Current Graduate Students Past Grad Students
Ümit Fırat Açıkgöz is currently writing his dissertation on the entanglement of local, national, and global agencies in the urban modernization of post-Ottoman Istanbul (1923-1950). At the most general level, he is interested in the ways in which politics, ideology, and identity inform the making of built environments. Açıkgöz's research focuses on the Ottoman Empire, Turkey, Syria, and Lebanon. He has presented papers at a number of conferences in the United States, Turkey, Portugal, Serbia, Croatia, and France. He has published in The Journal of Ottoman and Turkish Studies Association and Architectural Histories. Açıkgöz received his B.A. in History from Boğaziçi University, Istanbul, and M.A. in Architectural History from Middle East Technical University, Ankara.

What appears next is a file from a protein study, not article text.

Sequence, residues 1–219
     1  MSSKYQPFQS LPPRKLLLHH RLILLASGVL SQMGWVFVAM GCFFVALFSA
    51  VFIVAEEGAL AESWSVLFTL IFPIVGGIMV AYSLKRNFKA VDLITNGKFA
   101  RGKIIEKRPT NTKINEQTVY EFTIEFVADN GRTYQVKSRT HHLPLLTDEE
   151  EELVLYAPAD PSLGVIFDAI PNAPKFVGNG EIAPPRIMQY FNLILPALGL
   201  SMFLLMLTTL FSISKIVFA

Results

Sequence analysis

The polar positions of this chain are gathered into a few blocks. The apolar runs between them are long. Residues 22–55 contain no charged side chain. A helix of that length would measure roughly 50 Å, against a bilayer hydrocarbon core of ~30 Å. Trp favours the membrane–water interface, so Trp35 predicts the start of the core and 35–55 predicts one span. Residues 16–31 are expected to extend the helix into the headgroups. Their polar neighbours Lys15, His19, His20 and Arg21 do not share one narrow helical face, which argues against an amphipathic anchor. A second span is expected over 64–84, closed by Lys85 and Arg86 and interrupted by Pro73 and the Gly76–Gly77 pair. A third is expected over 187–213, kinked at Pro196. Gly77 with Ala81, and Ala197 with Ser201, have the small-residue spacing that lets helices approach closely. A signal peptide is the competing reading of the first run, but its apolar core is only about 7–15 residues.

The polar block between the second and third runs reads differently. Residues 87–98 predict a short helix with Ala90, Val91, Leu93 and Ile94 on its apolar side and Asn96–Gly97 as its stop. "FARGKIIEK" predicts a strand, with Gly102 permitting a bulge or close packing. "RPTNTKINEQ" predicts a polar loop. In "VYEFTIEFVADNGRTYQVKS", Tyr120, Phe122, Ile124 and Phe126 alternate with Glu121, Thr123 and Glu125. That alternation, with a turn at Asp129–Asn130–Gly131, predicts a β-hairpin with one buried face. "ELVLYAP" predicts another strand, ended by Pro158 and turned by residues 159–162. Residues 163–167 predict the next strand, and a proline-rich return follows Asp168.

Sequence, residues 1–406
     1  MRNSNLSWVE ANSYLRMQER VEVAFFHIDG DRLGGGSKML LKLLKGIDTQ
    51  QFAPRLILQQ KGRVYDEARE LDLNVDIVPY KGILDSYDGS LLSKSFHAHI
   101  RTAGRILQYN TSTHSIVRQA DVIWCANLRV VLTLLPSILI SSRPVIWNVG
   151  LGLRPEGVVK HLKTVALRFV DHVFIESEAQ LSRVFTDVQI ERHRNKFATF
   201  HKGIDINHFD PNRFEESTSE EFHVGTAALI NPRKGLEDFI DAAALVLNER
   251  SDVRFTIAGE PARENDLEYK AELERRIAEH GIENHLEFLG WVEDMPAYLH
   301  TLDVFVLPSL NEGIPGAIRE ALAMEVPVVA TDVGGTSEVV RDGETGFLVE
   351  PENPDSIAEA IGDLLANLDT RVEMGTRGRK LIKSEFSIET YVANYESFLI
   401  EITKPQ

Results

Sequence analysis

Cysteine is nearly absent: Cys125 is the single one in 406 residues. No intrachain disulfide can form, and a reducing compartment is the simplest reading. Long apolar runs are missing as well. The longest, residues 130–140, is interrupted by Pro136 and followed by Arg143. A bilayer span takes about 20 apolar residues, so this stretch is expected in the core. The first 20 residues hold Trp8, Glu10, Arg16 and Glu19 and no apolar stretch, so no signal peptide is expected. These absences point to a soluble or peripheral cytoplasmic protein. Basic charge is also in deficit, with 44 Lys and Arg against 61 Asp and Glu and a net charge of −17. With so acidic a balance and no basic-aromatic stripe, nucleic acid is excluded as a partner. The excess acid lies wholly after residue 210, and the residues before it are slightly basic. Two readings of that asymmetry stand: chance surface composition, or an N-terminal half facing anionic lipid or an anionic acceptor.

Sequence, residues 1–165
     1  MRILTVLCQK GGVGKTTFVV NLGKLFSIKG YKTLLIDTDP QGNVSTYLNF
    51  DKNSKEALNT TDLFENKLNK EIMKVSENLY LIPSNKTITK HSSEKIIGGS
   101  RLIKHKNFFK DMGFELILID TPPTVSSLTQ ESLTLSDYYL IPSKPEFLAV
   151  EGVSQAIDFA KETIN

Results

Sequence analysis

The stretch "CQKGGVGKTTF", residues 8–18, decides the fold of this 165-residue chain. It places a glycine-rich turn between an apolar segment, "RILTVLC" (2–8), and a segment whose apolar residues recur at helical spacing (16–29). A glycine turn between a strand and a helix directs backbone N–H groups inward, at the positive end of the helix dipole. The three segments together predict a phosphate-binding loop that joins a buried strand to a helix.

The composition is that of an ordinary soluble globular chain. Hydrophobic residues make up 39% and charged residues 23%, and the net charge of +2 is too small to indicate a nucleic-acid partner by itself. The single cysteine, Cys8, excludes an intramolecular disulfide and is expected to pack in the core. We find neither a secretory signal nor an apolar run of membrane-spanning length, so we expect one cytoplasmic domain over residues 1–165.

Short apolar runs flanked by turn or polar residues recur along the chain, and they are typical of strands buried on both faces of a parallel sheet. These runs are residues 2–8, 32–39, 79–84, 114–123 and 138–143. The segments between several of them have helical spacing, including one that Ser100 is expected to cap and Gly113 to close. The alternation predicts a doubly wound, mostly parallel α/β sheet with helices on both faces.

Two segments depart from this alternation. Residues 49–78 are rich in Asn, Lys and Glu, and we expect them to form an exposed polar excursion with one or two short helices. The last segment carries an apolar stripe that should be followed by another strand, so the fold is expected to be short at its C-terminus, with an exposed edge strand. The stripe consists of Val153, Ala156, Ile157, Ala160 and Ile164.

Bassi Cendra is a second year PhD student who previously studied and practiced architecture. She received her bachelor’s degree from the Universidad Ricardo Palma in Lima, Peru and her Master of Architecture degree from the Illinois Institute of Technology. Her long-standing interest in art and architectural history led her to complete a MA in Art History at the University of Houston. Her MA thesis “New Monumentality, Integration of the Arts, and the Shaping of Modern Life” adopted a transnational lens to chart several approaches to the notion of the Gesamtkunstwerk through which socially and politically engaged art and architecture came together in the 20th century. Bassi Cendra’s volunteer work at the Museum of Fine Arts, Houston’s International Center for the Arts of the Americas sparked her interest in the dynamic and interdisciplinary exchanges that existed between avant-garde groups in the US, Europe, and Latin America. Bassi Cendra plans to specialize in modern and contemporary Latin American art and architecture and to interrogate the ways in which transnational politics, economics, science, and ideology shaped art and the built environment during the twentieth century — and ultimately how these modern constructions inflected the Latin Americans’ relationship with the natural environment.